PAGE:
Muir Gray has worked in the NHS for 35 years. During this time he has developed techniques for achieving large systems change by influencing those who pay for and manage healthcare, for example the creation of national screening programmes and the development of the National Library for Health. He has developed tools for developing and running healthcare systems, and for approving those systems, and for creating a common culture. He is the Director of the charity Knowledge into Action, an independent Public Health Service, and works half-time for the NHS as Director of the National Library for Health.
Rachel Stancliffe, the Director of The Campaign for Greener Healthcare, graduated from Oxford with a Human Sciences degree and then received a Master’s degree in demography and epidemiology from the London School of Economics. She worked in public health initiatives in the UK, Georgia and Kazakhstan before helping to develop The Cochrane Library during the first decade of its life. She is also a Director of the charity, Global Healthcare Information Network.
Mark Starr has a doctorate in psychology from University of Pennsylvania, and then worked on the uses of computing for healthcare systems. He developed software systems to support Sir Iain Chalmers both in the National Perinatal Epidemiology Unit and in the creation of The Cochrane Library. Update Software, the company he set up to do this, was the provider of the Cochrane Library for fifteen years and the creator of the software that allowed the Cochrane Collaboration to become an international leader in evidence based medicine, with Cochrane Centres in twelve countries with thousands of people involved in organising and reviewing the world’s medical literature. His current interests include Green IT.
Frances Mortimer left specialist training in renal medicine in 2008 to work in sustainable healthcare, although she continues part time clinical work in the Oxford Kidney Unit. She is the Medical Director of the Campaign for Greener Healthcare, with a particular interest in engaging doctors in training and medical students in greening clinical practice. She studied medicine at Oxford University and the Royal Free Hospital in London, and is a Member of the Royal College of Physicians.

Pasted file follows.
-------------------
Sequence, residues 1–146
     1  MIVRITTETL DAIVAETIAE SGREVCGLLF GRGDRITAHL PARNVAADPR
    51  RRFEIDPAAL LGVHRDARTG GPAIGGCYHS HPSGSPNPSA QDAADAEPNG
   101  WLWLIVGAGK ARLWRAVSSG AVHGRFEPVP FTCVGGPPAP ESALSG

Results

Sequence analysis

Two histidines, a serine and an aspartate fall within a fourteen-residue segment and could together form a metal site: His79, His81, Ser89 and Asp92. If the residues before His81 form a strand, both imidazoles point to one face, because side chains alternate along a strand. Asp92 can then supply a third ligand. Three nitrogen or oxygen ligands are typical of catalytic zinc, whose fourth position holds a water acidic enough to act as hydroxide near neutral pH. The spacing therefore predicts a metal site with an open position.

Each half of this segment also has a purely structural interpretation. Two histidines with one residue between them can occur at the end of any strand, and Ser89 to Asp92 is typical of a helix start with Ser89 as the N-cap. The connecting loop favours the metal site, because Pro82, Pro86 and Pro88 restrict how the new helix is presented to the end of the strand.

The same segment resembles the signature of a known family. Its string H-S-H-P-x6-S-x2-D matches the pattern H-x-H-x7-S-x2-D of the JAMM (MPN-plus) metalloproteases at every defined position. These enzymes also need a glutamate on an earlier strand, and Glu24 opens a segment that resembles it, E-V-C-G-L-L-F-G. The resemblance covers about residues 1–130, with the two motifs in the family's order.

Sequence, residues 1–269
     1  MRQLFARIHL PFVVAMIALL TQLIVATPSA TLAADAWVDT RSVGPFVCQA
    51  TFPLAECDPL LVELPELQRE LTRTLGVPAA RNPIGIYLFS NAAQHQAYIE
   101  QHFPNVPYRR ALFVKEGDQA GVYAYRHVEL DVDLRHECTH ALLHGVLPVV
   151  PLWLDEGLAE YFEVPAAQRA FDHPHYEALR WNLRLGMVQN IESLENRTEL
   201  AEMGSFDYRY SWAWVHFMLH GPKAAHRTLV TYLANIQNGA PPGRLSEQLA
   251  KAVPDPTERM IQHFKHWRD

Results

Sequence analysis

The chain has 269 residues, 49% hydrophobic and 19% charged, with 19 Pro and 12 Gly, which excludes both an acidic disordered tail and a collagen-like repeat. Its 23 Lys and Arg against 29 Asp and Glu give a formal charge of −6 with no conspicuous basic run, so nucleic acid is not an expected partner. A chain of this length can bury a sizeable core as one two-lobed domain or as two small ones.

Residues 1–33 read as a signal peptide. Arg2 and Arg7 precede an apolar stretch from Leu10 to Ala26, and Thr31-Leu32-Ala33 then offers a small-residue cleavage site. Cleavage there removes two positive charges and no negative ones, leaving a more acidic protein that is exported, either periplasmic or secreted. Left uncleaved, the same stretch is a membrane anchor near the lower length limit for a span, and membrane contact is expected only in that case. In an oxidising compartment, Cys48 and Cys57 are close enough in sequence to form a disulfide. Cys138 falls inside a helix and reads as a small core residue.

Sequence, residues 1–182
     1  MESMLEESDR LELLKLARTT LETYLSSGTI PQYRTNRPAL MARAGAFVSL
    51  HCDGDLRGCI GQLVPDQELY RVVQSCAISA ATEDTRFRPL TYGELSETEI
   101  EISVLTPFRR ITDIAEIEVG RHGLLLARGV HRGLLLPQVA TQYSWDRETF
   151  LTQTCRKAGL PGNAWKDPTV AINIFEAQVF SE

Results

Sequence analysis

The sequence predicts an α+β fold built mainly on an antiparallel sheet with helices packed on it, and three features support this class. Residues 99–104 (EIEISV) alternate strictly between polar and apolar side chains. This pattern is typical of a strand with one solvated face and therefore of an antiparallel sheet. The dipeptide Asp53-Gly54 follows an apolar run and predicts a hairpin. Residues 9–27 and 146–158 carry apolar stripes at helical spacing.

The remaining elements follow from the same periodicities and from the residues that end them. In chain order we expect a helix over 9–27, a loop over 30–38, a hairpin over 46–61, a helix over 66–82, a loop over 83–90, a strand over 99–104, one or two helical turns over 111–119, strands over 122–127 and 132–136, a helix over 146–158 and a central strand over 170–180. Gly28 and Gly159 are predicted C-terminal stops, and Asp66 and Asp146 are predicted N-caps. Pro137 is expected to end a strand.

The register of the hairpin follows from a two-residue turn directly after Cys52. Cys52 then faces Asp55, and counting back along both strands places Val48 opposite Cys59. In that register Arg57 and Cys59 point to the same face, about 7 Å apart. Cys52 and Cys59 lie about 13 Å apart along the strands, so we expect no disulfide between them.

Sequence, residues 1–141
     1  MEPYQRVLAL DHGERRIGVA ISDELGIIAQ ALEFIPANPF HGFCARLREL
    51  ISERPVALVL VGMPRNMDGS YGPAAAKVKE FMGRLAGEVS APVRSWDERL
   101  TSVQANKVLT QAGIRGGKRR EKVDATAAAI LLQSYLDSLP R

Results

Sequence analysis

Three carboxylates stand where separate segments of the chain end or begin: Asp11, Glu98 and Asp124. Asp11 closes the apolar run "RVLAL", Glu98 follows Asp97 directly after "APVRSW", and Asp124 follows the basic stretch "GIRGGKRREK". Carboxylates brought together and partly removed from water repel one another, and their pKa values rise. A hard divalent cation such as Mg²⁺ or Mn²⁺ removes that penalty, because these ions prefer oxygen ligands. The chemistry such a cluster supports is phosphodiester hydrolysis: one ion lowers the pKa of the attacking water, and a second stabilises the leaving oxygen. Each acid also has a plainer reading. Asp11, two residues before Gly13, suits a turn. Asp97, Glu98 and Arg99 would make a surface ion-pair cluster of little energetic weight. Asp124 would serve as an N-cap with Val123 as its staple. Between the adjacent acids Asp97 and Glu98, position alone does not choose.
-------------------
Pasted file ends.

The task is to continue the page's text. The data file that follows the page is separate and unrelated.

Ingeborg Steinbach received her first degree in nutrition. She worked in an Integrated Rural Nutrition Programme in Zambia before doing her Master’s degree in Analysis for Healthcare Decisions at the London School of Economics and London School of Hygiene. She leads the work within the Campaign for Greener Healthcare on the management of knowledge.
Erica Ison has worked with Muir Gray since 1989 when the first conference on Greening the NHS was organised. She carried out some of the first waste studies in the health service and went on to become a consultant to the World Health Organisation on health impact assessment. She has worked for WHO in Italy, Ireland, Estonia and Spain, as well as working on projects in Geneva and the European Office.
William Bird is a general practitioner with a particular interest in the connections between health and the natural environment, both for healthy people and patients. He created the Health Walks Programme which now has 30,000 volunteers, helping people with, or at risk of, chronic disease to regain the habit of walking.
Tim Nicholson is a chartered surveyor with experience of both the commercial and residential property sectors. His last role was Head of Sustainability for a listed plc where he promoted sustainability throughout the organisation, to its customers and suppliers. He witnessed some of the effects of climate change first hand whilst on a fundraising journey across the world and has since been focused on promoting environmentally sustainable measures here in the UK. He has experience of working with the media including presenting a series of radio programmes about the environment.